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May 13, 2006

Power Supply Management: The IT Blind Spot

As part of building out my testing infrastructure, I've become more involved with system-level management tools and technologies. This effort has proven to be generally useful for overall resource management purposes (and particularly useful for resolving the various heat-related problems that have cropped up), but there are also some significant blind spots in the current crop of hardware management solutions. At the top of the list are system power supplies, which are currently treated as little more than opaque black boxes when it comes to manageability. However, there's hope on the horizon that this will change soon.

As it stands right now, I can use a variety of software packages to tap into a motherboard's sensor chips and gather voltage readings for the CPU and peripheral busses, the temperature of the CPU(s) and chassis, and even the rotational speeds of the various cooling fans, and I can make this information available through multiple management channels. Similarly, almost all modern hard drives and disk controllers also provide a variety of statistics and sensor readings via the industry-standard S.M.A.R.T extensions. I can even get some kinds of environmental readings from some video cards through vendor-specific interfaces.

On the other hand, none of my system power supplies have any kind of management interface whatsoever. I have no idea if they're loaded beyond their recommended or rated capacities, if an embedded fan is sputtering or failing, or if power conditions might be causing system-wide failures. In short, I have no way of knowing when a power supply is dying or about to die. Given the critical role that power supplies play in basic system operations—not to mention the role they play in secondary elements like power utilization and temperature—there's no good excuse for this absence.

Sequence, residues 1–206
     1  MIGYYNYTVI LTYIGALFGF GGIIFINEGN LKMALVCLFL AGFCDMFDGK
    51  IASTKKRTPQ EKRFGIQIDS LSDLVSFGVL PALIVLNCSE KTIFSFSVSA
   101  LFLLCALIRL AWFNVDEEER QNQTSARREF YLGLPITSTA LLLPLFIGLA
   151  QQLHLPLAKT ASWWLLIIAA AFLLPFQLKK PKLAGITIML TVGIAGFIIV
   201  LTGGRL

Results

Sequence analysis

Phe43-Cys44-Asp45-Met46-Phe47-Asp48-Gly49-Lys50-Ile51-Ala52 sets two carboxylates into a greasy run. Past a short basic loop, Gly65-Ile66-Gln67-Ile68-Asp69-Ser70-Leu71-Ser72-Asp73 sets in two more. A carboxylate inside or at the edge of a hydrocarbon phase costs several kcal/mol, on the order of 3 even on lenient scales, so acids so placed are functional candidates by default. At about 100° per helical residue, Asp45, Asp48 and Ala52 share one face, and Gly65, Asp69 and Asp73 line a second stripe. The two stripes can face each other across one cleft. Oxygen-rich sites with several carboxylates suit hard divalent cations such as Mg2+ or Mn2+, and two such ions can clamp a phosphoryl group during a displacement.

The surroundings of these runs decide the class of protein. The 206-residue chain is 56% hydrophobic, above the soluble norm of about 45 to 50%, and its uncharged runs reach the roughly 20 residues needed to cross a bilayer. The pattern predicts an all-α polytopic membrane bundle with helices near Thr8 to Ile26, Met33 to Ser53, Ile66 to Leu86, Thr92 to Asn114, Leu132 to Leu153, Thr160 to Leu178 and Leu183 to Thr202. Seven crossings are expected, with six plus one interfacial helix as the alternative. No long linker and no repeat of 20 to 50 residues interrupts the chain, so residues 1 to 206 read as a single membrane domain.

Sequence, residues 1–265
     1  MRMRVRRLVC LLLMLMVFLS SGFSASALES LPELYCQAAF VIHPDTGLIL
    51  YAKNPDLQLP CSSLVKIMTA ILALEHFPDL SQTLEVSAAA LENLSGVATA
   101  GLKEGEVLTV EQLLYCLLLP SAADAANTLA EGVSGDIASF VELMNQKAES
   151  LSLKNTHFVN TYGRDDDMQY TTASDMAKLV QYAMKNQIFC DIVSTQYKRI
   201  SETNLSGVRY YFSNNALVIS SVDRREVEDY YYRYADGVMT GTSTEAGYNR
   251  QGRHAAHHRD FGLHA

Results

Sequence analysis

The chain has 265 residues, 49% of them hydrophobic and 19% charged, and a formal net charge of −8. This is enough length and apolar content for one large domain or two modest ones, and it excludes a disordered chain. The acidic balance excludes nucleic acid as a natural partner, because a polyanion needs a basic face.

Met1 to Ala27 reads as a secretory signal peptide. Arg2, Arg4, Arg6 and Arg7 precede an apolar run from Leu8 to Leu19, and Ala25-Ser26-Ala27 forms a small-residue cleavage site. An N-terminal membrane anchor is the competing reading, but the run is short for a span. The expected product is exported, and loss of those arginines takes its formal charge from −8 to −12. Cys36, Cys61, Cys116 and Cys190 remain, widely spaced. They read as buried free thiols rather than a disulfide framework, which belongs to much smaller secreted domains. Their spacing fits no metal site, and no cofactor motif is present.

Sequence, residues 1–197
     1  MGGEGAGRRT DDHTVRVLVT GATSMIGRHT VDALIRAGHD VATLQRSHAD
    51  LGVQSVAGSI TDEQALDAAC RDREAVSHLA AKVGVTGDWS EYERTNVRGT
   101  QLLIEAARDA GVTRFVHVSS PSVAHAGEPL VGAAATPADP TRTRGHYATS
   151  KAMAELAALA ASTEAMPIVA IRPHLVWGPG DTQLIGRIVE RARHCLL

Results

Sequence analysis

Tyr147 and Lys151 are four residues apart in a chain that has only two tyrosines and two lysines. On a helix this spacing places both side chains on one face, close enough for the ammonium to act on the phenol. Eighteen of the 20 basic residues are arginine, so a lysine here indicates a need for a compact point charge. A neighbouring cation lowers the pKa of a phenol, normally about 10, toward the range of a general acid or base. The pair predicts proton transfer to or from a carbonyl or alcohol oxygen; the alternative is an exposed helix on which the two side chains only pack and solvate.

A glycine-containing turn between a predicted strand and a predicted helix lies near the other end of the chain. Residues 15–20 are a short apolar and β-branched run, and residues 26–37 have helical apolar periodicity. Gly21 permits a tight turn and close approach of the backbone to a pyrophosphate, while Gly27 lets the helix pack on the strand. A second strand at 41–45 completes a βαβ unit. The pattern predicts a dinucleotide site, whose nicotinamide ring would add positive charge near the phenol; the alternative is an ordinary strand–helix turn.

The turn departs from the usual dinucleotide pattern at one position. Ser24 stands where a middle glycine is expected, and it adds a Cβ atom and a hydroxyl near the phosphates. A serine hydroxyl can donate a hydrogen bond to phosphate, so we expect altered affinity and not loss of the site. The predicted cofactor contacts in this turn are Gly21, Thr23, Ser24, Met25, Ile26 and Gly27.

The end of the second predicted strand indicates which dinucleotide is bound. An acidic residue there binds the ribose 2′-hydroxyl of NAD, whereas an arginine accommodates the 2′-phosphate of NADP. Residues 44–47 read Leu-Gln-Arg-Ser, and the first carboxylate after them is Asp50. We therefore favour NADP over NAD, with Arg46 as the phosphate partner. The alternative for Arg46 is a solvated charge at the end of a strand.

This is especially true considering there's already a specification for standardized power supply management. Specifically, the Power Supply Management Interface (PSMI) Design Guide version 2.12 was published by the Server System Infrastructure (SSI) consortium back in September of 2005 and documents an extensive amount of management information that can be exchanged between a host computer and power supplies across a local SMBus connection.

Specifically, PSMI documents signaling methods for publishing a tremendous range of sensor data, including input and output voltage levels, multiple fan readings, multiple thermal readings, and a variety of failure codes and diagnostic signals. PSMI also allows for sending control signals back to the power supply from the host, thereby allowing the system operator to do things like turn the fan speed up or down through software controls. It even has signals that help with failover management. This is a pretty comprehensive spec. Better yet, SSI already has most of the big-name vendors as members, and near as I can tell the spec itself has zero royalty restrictions on nonmembers.

Indeed, the only problem I can find with it is that there doesn't appear to be very many power supplies that actually support it. In fact, I couldn't find any compliant products in my searches. Update: I have been informed via email that HiPro has four models in their pedestal-chassis series (these appear to be OEM power supplies, but I'm not sure), and that Delta Electronics also has a few models for Intel's dual-core Bensley platform.

This should be a no-brainer, but it looks like the end-user community is going to have to force vendors to actually develop and offer PSMI-compliant power supplies. If the community is going to be taken seriously about the issues of power and temperature management, buyers need to start adding PSMI to their purchase checklists, hectoring their sales reps about the technology, and rewarding the vendors that support it. I know I will.

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Copyright © 2010-2017 Eric A. Hall.
Portions copyright © 2006 CMP Media, Used with permission.